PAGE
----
Excellent. The status has changed to provisioning succeeded. Now, if you wanted to find out what was happening behind the scenes, you can click on it and then click on View Detailed Steps, which will give you a drill down of everything that went in the background to make that integration happen. And it’s kind of useful when things don’t work as expected. You have a way of going in and looking at the raw logs. What I’ve seen in the past, though, is when you associate a node with DSC, and you unregister it, sometimes this extension does not get uninstalled. And if you re-register the same node, and if the extension hasn’t been uninstalled, it runs into certain issues.
So the best way forward in those scenarios is to uninstall this extension or delete it and then retry that process. All right, so if we go back into the virtual machine and rerun the command, we will see that a few values have been updated in the LCM. The Refresh Mode has changed from PUSH to Pull. Clearly meaning it’s associated to a pull server. Reboot node if needed is set to true. Apply and Auto correct– so all of that is now configured in the Local Configuration Manager. If I go back into the DSC pull server in Azure Automation, you would see that the node status is in progress.
What that means is while the node has been registered with the DSC pull server, the configuration that I had specified, which was BasicWebServer.developer, is still in the process of being applied to this node. And to find out more details, I can click on this node. And you can see that it’s still in the process of doing the consistency checks. If I click on the consistency checks, I can, of course, find out more details. It’s still in progress. It takes a couple of minutes for this script to enable the Windows features that it needs enabled on the target node.
As you can see, it’s still showing up in the in progress status here. Let’s just go back into the virtual machine and see what’s going on in there. So I can run the command, Get DscConfigurationsStatus.
And what that would basically do in the background is, it will get the DSC configuration. That’s the state of the DSC configuration that’s running in the background. As you can see, the error message that shows up here is the consistency checks or is in progress and must return before get DSC configuration can be invoked. So this is also telling you that it will not report the updated status up and until the current job that’s running on the server is completed. But as you can see in the background in the Server Manager, the IIS role is starting to show up in the Server Manager, which means the DSC configuration that we applied to this node is in full flight.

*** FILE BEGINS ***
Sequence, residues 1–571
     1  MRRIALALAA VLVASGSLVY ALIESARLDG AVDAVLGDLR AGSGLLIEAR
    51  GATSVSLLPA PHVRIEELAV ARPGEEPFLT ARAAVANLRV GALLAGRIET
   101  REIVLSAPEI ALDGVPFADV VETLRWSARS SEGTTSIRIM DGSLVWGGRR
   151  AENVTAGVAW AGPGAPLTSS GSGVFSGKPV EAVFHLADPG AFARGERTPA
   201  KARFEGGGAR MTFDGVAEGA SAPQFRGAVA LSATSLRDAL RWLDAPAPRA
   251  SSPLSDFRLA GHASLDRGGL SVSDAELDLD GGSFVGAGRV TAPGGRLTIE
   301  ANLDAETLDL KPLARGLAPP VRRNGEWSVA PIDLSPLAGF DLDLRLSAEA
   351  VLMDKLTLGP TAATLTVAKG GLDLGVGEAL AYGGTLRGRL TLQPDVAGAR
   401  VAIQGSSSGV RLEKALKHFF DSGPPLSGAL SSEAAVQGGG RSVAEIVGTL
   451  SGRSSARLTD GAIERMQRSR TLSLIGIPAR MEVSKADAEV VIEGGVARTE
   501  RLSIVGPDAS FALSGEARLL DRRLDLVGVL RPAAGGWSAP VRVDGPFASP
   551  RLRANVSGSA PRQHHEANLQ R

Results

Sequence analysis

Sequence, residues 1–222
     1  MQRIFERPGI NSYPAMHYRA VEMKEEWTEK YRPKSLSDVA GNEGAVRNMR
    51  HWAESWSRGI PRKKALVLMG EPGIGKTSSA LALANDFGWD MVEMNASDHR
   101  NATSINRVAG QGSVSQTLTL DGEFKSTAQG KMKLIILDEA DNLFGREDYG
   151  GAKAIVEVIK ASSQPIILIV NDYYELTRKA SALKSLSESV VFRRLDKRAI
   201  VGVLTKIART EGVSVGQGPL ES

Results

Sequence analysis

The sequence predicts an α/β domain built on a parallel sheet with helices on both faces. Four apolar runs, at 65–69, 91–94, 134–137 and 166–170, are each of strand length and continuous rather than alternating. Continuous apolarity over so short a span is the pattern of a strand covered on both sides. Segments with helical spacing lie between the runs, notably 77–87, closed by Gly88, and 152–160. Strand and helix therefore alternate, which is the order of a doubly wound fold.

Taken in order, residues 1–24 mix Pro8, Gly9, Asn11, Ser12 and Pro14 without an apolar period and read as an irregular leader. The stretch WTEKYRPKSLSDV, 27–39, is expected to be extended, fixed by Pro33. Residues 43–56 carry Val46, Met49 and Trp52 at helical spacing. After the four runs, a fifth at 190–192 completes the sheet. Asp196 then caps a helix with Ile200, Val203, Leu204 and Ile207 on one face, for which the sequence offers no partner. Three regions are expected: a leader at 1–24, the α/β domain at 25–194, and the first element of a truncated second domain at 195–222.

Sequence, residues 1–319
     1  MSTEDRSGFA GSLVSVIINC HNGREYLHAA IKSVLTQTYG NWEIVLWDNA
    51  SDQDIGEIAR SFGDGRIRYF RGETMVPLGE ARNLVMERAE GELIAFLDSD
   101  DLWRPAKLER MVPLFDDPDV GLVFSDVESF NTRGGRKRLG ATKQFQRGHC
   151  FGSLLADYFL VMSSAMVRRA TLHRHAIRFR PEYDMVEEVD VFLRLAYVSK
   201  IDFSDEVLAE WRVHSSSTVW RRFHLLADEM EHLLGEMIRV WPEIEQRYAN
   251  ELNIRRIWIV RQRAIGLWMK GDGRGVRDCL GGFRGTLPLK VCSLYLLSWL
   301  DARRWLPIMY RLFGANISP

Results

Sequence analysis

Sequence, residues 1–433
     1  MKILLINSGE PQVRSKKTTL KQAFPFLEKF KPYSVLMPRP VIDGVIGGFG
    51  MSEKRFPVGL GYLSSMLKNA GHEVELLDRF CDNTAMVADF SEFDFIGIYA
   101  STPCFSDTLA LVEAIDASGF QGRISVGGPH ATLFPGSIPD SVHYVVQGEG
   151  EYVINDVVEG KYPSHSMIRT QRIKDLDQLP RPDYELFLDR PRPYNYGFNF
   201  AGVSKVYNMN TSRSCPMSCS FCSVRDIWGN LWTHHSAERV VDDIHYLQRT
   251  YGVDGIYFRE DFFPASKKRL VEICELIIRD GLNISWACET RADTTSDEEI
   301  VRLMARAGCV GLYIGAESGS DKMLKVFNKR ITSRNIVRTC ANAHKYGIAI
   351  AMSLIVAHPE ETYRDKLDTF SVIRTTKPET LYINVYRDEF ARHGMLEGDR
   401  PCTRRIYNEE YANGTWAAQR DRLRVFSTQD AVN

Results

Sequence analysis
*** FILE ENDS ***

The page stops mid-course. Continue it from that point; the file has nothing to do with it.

It’s being applied to this node. So it should complete in the next minute or two.
Virtual high five, the status is complying now, which means that the DSC configuration execution on this node is completed. Now, if I scroll down on the details played here, I can click on Resources to exactly find out what was happening behind the scenes. I can see that each of the roles that I had requested through the configuration file are now successfully deployed in the node. And I can also see how much time was spent in deploying each of the nodes. Now, next time this DSC script runs, it’s going to be far more quicker because all the roles were already present on the node. So effectively, it wouldn’t have to deploy anything.
So if we go back into the node now and rerun the same command, which was Get DscConfigurationsStatus, then it just says that status success. This is when it synched the mode, reboot requested. It just tells you what the result of the last configuration that was deployed. And at this point, if you browse to inetmgr–
there should be applause, right? You have deployed a web role without actually writing a single line of script. In theory, you have a script. But rather than writing a script that had imperative steps to– how to achieve the deployment, in this case, you just called out the features you needed and OS, as well as PowerShell DSC figured it out for you. At this point, if I launch a browser, and I type in localhost, I see IIS launching up there as well. So there’s really no end to what you can achieve with DSC. Just to give you a taste for what configurations possibly you can push through DSC, I’m going to run this small command, which is called Get WindowsFeatures.